began at nine, and it was one o'clock before we could leave. My
fingers and head ached; but Helen was as fresh and full of spirit
as when we left home.

After dinner it began to snow, and we had a good frolic and an
interesting lesson about the snow. Sunday morning the ground was
covered, and Helen and the cook's children and I played snowball.
By noon the snow was all gone. It was the first snow I had seen
here, and it made me a little homesick. The Christmas season has
furnished many lessons, and added scores of new words to Helen's

For weeks we did nothing but talk and read and tell each other
stories about Christmas. Of course I do not try to explain all
the new words, nor does Helen fully understand the little stories
I tell her; but constant repetition fixes the words and phrases
in the mind, and little by little the meaning will come to her. I
If there is nothing in the child's mind to communicate, it hardly
seems worth while to require him to write on the blackboard, or
spell on his fingers, cut and dried sentences about "the cat,"
WHAT SHE WANTS TO KNOW. When I see that she is eager to tell me
something, but is hampered because she does not know the words, I
supply them and the necessary idioms, and we get along finely.
The child's eagerness and interest carry her over many obstacles
that would be our undoing if we stopped to define and explain
everything. What would happen, do you think, if some one should
try to measure our intelligence by our ability to define the
commonest words we use? I fear me, if I were put to such a test,
I should be consigned to the primary class in a school for the

It was touching and beautiful to see Helen enjoy her first
Christmas. Of course, she hung her stocking--two of them lest
Santa Claus should forget one, and she lay awake for a long time
and got up two or three times to see if anything had happened.
When I told her that Santa Claus would not come until she was
asleep, she shut her eyes and said, "He will think girl is
asleep." She was awake the first thing in the morning, and ran to
the fireplace for her stocking; and when she found that Santa
Claus had filled both stockings, she danced about for a minute,
then grew very quiet, and came to ask me if I thought Santa Claus
had made a mistake, and thought there were two little girls, and
would come back for the gifts when he discovered his mistake. The
ring you sent her was in the toe of the stocking, and when I told
her you gave it to Santa Claus for her, she said, "I do love Mrs.
Hopkins." She had a trunk and clothes for Nancy, and her comment
was, "Now Nancy will go to party." When she saw the braille slate
and paper, she said, "I will write many letters, and I will thank
Santa Claus very much." It was evident that every one, especially
Captain and Mrs. Keller, was deeply moved at the thought of the
difference between this bright Christmas and the last, when their
little girl had no conscious part in the Christmas festivities.
As we came downstairs, Mrs. Keller said to me with tears in her
eyes, "Miss Annie, I thank God every day of my life for sending
you to us; but I never realized until this morning what a
blessing you have been to us." Captain Keller took my hand, but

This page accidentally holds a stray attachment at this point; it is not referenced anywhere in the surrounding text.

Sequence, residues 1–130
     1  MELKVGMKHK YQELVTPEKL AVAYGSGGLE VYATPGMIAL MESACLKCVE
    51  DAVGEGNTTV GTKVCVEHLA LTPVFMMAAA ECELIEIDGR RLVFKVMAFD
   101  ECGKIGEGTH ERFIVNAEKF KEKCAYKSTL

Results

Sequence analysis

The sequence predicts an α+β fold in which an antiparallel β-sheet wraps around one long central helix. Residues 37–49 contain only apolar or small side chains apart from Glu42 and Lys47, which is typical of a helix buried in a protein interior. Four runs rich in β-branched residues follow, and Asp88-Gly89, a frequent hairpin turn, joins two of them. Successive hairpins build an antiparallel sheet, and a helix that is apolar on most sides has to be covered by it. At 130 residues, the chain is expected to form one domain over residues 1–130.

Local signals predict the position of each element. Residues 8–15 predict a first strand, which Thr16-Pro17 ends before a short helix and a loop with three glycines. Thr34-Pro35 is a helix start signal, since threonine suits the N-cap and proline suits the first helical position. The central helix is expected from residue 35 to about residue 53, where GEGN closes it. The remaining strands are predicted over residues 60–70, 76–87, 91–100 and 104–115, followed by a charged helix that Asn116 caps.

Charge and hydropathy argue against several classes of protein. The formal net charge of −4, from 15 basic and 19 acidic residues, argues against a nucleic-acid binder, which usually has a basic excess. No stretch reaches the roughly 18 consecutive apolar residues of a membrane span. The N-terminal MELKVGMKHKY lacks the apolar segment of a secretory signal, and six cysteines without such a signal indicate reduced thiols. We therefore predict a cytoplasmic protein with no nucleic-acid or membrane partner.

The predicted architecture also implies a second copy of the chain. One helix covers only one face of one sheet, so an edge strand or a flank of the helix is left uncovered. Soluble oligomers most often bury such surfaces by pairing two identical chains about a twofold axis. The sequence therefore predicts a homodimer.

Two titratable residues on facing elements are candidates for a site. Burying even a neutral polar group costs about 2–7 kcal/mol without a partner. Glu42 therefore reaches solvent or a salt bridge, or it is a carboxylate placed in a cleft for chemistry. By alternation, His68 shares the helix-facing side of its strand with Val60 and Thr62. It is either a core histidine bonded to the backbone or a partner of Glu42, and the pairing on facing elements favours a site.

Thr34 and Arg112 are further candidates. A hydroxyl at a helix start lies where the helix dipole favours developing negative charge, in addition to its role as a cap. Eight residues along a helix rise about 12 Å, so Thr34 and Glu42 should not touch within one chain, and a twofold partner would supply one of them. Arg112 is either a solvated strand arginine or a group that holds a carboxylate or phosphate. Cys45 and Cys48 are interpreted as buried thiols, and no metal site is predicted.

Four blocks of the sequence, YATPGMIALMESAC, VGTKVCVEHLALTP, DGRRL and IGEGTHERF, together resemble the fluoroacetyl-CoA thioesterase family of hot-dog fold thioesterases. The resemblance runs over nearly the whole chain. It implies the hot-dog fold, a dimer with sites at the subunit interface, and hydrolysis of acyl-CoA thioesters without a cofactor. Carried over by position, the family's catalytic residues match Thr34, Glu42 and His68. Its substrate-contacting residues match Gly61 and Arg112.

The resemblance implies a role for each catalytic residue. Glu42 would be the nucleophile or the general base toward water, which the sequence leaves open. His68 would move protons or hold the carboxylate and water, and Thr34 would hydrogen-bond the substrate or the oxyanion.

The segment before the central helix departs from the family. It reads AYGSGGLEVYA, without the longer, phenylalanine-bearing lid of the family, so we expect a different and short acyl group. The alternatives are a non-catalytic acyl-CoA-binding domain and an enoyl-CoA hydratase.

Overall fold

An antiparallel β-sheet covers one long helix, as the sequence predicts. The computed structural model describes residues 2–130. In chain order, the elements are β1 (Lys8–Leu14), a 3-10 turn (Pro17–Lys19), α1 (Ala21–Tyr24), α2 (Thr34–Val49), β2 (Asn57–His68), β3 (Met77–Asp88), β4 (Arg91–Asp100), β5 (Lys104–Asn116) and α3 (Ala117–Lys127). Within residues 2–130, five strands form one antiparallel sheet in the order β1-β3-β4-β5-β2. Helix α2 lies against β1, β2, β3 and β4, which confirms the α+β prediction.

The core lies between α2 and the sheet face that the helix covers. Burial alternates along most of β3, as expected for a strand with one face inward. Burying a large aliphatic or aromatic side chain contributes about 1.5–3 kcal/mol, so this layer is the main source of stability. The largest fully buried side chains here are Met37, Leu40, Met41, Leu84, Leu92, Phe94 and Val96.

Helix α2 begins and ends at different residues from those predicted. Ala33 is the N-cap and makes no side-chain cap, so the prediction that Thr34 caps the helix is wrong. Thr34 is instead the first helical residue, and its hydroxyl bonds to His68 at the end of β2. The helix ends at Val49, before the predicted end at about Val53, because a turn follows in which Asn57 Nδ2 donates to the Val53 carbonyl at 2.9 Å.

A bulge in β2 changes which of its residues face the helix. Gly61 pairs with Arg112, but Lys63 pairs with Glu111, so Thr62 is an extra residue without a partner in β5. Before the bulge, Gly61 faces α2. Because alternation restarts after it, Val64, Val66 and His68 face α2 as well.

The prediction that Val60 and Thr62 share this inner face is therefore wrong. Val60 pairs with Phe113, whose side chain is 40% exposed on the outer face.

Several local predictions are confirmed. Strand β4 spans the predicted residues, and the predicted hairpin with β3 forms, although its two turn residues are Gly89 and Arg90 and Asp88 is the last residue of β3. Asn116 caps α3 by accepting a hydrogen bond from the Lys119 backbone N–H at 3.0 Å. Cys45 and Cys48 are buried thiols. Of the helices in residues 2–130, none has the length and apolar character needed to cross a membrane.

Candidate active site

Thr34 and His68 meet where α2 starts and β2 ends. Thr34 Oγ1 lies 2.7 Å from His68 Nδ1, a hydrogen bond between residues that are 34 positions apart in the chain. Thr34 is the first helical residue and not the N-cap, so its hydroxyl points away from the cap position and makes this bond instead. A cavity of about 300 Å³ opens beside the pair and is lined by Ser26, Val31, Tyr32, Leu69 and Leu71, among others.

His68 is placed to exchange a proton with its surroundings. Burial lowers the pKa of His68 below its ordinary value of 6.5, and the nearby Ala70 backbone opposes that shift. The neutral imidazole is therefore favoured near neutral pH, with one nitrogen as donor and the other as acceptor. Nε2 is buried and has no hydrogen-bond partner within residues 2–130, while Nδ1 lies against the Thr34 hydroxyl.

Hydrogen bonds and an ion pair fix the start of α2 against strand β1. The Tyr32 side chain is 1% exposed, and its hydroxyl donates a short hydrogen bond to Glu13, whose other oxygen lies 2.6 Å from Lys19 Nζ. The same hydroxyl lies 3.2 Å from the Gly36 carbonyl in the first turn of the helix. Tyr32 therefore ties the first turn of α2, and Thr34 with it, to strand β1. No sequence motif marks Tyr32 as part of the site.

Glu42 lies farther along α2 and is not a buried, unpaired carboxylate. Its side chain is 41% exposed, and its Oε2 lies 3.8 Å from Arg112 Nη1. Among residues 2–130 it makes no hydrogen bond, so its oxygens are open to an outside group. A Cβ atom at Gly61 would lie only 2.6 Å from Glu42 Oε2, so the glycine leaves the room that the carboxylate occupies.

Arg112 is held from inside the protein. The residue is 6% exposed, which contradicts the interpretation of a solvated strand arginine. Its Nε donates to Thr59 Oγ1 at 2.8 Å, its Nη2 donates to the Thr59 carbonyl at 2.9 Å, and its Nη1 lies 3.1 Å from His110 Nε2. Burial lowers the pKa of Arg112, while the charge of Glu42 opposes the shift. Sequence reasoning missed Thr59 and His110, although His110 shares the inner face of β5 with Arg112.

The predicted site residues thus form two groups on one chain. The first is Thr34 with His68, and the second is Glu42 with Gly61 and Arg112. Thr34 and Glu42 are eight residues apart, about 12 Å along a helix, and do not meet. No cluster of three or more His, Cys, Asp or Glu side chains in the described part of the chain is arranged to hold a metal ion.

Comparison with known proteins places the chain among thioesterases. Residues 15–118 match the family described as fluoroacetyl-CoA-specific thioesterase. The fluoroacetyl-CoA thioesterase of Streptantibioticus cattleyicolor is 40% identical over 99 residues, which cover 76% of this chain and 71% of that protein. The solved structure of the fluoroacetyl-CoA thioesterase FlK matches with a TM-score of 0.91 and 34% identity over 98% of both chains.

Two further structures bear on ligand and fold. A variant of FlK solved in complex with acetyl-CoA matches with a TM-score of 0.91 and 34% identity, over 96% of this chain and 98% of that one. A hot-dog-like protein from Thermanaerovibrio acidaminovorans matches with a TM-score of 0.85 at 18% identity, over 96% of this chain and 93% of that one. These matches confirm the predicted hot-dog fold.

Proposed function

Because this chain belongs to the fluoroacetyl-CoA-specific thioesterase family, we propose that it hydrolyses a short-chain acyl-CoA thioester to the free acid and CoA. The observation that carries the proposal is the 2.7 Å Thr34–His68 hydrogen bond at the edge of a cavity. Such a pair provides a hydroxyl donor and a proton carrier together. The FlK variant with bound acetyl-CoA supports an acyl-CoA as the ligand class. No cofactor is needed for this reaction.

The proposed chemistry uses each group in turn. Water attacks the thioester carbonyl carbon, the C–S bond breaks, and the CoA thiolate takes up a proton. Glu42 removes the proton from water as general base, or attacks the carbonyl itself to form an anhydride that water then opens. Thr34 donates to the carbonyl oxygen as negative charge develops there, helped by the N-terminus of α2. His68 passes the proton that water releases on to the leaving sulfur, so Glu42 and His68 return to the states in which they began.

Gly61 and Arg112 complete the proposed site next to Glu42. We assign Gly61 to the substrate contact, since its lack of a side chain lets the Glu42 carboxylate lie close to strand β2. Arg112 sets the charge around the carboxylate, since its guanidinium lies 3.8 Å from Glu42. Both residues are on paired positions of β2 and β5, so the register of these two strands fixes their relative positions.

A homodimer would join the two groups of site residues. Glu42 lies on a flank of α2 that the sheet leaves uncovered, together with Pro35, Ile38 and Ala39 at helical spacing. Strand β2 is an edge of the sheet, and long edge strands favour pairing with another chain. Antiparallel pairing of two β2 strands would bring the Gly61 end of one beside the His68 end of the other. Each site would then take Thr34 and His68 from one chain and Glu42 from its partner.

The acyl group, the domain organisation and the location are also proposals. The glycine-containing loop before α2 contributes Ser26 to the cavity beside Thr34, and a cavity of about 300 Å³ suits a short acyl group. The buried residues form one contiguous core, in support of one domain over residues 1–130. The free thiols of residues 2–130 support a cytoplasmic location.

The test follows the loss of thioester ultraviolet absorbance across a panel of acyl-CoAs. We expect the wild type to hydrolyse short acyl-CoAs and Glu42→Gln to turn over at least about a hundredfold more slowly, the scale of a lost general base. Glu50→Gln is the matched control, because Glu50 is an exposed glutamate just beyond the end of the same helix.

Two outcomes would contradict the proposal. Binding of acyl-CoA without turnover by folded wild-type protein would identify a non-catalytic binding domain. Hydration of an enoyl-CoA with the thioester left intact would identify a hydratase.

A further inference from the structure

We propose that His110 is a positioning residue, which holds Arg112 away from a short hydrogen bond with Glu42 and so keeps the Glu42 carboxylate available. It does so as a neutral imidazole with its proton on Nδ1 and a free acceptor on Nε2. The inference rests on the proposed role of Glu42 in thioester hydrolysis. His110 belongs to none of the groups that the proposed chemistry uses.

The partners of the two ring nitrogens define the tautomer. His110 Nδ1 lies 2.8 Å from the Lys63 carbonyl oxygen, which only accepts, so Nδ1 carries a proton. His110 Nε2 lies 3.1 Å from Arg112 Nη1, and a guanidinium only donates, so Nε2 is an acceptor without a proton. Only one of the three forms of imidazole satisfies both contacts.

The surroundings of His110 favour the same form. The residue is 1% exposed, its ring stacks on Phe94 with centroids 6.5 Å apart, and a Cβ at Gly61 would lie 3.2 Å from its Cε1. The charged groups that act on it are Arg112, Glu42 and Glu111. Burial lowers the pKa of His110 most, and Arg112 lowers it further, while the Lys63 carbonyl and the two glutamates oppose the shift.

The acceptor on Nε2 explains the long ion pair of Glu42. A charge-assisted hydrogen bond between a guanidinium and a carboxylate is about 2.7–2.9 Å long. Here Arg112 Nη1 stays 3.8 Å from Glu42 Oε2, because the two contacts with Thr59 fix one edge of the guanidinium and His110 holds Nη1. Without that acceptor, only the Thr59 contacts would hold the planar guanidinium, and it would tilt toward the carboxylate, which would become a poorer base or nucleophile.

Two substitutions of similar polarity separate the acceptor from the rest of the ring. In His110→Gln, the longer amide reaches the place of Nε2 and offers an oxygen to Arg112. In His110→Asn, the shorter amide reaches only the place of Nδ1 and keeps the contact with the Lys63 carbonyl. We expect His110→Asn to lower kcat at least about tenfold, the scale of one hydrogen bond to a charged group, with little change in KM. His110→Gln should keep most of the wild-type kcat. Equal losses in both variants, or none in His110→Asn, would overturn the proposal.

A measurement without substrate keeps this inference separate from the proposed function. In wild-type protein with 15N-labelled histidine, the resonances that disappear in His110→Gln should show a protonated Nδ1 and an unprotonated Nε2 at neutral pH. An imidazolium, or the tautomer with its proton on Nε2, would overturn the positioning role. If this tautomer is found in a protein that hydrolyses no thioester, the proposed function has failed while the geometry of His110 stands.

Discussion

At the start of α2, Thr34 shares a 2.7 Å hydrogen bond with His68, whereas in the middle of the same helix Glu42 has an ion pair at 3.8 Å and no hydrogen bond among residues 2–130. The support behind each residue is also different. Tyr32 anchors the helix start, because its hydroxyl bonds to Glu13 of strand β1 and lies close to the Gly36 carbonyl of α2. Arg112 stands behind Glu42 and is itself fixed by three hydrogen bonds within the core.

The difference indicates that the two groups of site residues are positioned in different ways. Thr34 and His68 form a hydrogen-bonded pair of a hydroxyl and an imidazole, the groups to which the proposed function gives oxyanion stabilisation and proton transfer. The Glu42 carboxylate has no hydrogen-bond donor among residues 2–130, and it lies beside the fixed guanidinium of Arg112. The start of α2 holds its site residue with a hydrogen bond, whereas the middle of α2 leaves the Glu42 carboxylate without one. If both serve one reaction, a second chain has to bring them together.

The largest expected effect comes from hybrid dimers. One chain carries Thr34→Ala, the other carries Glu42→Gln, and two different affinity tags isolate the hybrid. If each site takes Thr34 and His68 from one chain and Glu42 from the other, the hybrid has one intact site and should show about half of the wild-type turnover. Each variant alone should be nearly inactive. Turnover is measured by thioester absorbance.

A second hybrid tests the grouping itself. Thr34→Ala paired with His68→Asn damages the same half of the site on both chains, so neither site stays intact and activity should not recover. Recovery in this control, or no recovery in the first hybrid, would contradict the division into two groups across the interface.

could not speak. But his silence was more eloquent than words. My
heart, too, was full of gratitude and solemn joy.

The other day Helen came across the word grandfather in a little
story and asked her mother, "Where is grandfather?" meaning her
grandfather. Mrs. Keller replied, "He is dead." "Did father shoot
him?" Helen asked, and added, "I will eat grandfather for
dinner." So far, her only knowledge of death is in connection
with things to eat. She knows that her father shoots partridges
and deer and other game.

This morning she asked me the meaning of "carpenter," and the
question furnished the text for the day's lesson. After talking
about the various things that carpenters make, she asked me, "Did
carpenter make me?" and before I could answer, she spelled
quickly, "No, no, photographer made me in Sheffield."

One of the greatest iron furnaces has been started in Sheffield,
and we went over the other evening to see them make a "run."
Helen felt the heat and asked, "Did the sun fall?"

January 9, 1888.

The report came last night. I appreciate the kind things Mr.
Anagnos has said about Helen and me; but his extravagant way of
saying them rubs me the wrong way. The simple facts would be so
much more convincing! Why, for instance, does he take the trouble
to ascribe motives to me that I never dreamed of? You know, and
he knows, and I know, that my motive in coming here was not in
any sense philanthropic. How ridiculous it is to say I had drunk
so copiously of the noble spirit of Dr. Howe that I was fired
with the desire to rescue from darkness and obscurity the little
Alabamian! I came here simply because circumstances made it
necessary for me to earn my living, and I seized upon the first
opportunity that offered itself, although I did not suspect nor
did he, that I had any special fitness for the work.

January 26, 1888.

I suppose you got Helen's letter. The little rascal has taken it
into her head not to write with a pencil. I wanted her to write
to her Uncle Frank this morning, but she objected. She said:
"Pencil is very tired in head. I will write Uncle Frank braille
letter." I said, "But Uncle Frank cannot read braille." "I will
teach him," she said. I explained that Uncle Frank was old, and
couldn't learn braille easily. In a flash she answered, "I think
Uncle Frank is much (too) old to read very small letters."
Finally I persuaded her to write a few lines; but she broke her
pencil six times before she finished it. I said to her, "You are
a naughty girl." "No," she replied, "pencil is very weak." I
think her objection to pencil-writing is readily accounted for by